The image encoder apparatus 300 serves as an image encoder apparatus that encodes a source image that is segmented into a plurality of sub-images 344. Each of the sub-images has a sub-image pixel width, which in this example corresponds to the display width of an entire display 328-334. As such, when an encoded sub-image is provided, to one of the plurality of displays 328-334 its decoded counterpart serves as an entire display frame for a respective display.

The encoder 354 with multiple ICH buffers includes multiple indexed color history buffers 362, 364, 366 and 368 each corresponding to one of the plurality of sub-images 344. The ICH buffers may be implemented using any suitable memory architecture such as cache memory as well as any suitable memory technology such as DRAM, RAM or any other suitable memory.

Stated another way, each of the multiple ICH buffers 362-368 is independently used in part of the encoding process for a particular sub-image. Any suitable number of ICH buffers greater than one can be employed depending upon the number of sub-images that have been segmented from the source image. In this example, the number of ICH buffers matches the number of sub-images of the source image. The horizontal pixel slice width of each of the sub-images is equal to the sub-image pixel width. Each of the multiple indexed color history buffers are configured to correspond to a single horizontal pixel slice of each sub-image that have the same pixel width as the sub-image width. The encoder 354 outputs encoded pixel data 370 for the different horizontal pixel slices for each of the plurality of sub-images as a single bitstream. For purposes of illustration, and not limitation, the encoder 354 will be described as a display stream compression (DSC) version 1.2a compliant encoder such as of the type defined by the VESA Display Stream Compression Standard v1.2a, 18 January, 2017 (incorporated herein by reference in its entirety). However, any suitable encoder that provides video compression in accordance with the disclosure may be employed. In contrast to a conventional DSC compliant encoder, encoder 354 includes control logic and multiple ICH buffer memories 362-368 that are used by a single encoder as further set forth below. Also, unlike conventional DSC compliant encoders, the image encoder apparatus 300 employs a bitstream splitter 356 which splits the encoded pixel data in the bitstream 370 into a plurality of independent encoded bitstreams 312-318 to produce a multi-stream output to provide separate compressed bitstreams corresponding to each of the sub-images 344 to each of the respective displays 328-334 via respective image decoders 304-310.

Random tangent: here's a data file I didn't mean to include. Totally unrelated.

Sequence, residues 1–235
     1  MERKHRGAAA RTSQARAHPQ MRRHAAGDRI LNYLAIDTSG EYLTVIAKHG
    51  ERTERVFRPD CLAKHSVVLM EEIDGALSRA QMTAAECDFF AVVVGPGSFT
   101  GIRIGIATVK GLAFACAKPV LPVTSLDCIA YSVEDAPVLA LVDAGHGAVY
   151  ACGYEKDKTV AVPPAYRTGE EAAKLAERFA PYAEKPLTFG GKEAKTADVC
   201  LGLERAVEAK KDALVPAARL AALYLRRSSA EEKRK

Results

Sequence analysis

The source image segment generator 340 and multi-ICH buffer controller 350 utilize display configuration data, in one example, shown as 380 sent via any suitable mechanism including as part of an EDID communication, from the respective displays 328-334 indicating the respective display picture size for each display so that the source image segment generator 340 can segment the source image into, for example, equally sized sub-images. Also, the multi-ICH buffer controller 350 provides conventional configuration parameters to the encoder such as slice width (SLICE_WIDTH) and picture width (PIC_WIDTH). This information is sufficient to determine the number of slices. One ICH buffer is assigned to each slice by the encoder.

In this example, the source image segment generator 340 and the multi-ICH buffer controller 350 are implemented as part of an executing display driver that executes on a processor, such as a central processing unit or any other suitable processor. The image frame buffer controller 358, in this example is implemented as pert of a graphics processing unit (GPU), such as a portion of a GPU core that suitably accesses the frame buffer 342. The GPU and CPU as known in the art may be implemented on a same integrated circuit, different integrated circuit or in any other suitable manner. It will be recognized that the multi-ICH buffer controller and source image segment generator 350 and 340 may also be implemented as a state machine, or any other suitable structure. In addition, the multi-ICH buffer controller 350 and source image segment generator 340 may also be implemented as part of the encoder 354 or any other suitable component.